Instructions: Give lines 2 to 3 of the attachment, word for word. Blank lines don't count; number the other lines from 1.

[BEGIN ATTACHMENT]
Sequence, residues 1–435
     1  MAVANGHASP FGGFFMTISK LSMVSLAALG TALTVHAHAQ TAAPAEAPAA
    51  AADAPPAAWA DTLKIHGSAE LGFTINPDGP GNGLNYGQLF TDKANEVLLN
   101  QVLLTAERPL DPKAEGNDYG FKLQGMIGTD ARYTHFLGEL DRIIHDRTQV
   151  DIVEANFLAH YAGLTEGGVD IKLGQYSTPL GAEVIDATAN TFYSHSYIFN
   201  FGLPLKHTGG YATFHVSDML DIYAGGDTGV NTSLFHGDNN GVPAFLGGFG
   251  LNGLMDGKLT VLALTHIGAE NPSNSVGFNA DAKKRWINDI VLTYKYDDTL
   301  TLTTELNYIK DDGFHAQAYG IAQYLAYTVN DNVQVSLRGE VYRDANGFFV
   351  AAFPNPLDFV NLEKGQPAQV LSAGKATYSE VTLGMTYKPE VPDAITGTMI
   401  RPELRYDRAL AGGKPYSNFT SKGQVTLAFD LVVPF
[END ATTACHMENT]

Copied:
     1  MAVANGHASP FGGFFMTISK LSMVSLAALG TALTVHAHAQ TAAPAEAPAA
    51  AADAPPAAWA DTLKIHGSAE LGFTINPDGP GNGLNYGQLF TDKANEVLLN